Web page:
North Staffordshire Merits World Heritage Site Status
Betty Cooper’s researches prove there is no “historical reason” to prevent North Staffordshire’s Industrial Landscape becoming a World Heritage Site.
During the 18th century, North Staffordshire was at the cutting edge of England’s economic development and the growth of world trade. Historians have forgotten the role pottery manufacturers, like Wedgwood, Adams, Minton and Spode, played in transforming a collection of small towns and villages into an industrial area of international importance.
James Brindley’s Trent and Mersey Canal “kick-started” the Industrial Revolution, which made Britain the workshop of the world. The canal tunnels and the railway tunnels, between Kidsgrove and Chatterley, are one of the world’s most significant feats of civil engineering.
The Primitive Methodist Church was founded at Mow Cop. Primitive Methodism gave “the six towns” their unique culture and a way of life that was vividly described by Arnold Bennett.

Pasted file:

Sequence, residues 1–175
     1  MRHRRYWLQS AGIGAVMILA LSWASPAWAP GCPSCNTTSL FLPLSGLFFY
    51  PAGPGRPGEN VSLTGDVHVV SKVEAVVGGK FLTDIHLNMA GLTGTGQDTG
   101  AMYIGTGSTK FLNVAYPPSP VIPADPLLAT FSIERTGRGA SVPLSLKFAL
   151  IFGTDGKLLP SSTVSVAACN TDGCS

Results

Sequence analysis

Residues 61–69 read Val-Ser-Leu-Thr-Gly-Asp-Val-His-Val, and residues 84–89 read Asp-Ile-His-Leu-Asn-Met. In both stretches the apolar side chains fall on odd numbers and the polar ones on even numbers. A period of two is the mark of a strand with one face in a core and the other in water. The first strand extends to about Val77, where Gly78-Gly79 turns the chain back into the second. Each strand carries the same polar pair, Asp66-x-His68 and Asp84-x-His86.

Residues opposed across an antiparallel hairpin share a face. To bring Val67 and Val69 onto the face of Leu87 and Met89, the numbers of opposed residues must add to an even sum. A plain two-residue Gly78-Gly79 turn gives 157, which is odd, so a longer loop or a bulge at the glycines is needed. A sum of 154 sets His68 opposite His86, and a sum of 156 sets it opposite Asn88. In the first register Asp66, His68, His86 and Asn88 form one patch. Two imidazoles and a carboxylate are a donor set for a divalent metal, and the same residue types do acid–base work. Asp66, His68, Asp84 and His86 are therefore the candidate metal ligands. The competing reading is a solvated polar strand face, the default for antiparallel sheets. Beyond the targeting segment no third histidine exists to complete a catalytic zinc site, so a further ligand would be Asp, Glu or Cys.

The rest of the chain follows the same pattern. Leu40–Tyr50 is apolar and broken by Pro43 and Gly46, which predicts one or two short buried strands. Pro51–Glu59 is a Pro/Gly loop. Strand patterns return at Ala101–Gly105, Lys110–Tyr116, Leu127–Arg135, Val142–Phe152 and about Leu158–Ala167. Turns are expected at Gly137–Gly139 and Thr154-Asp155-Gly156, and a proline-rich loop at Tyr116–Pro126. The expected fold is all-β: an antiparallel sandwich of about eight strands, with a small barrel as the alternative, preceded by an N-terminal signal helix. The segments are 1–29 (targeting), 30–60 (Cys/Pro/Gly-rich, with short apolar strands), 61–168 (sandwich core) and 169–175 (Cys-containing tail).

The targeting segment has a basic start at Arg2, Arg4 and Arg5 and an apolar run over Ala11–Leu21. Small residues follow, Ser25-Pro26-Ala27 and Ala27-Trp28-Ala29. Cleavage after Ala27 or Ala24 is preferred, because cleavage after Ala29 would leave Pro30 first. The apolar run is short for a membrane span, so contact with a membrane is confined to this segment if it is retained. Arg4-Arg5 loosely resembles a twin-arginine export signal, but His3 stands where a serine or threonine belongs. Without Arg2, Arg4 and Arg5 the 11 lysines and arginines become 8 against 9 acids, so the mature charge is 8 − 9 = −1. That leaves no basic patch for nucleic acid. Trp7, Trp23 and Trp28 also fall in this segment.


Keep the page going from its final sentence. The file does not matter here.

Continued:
Burslem’s heritage equals that of other places in Britain that have World Heritage Site status. Its “old town hall” is one of the best examples of Victorian civic architecture in England and Wales. The Wedgwood Institute’s terracotta facade is an inspiring tribute to the men, women and children who worked in local industries.
If North Staffordshire’s Industrial Landscape became a World Heritage Site, it would revitalise the local economy. World Heritage Site status would attract inward investment, create employment and halt Stoke-on-Trent’s economic decline.
The photograph shows the entrance to James Brindley’s Harecastle Tunnel, which was called the eighth wonder of the world when it was constructed in the 18th century.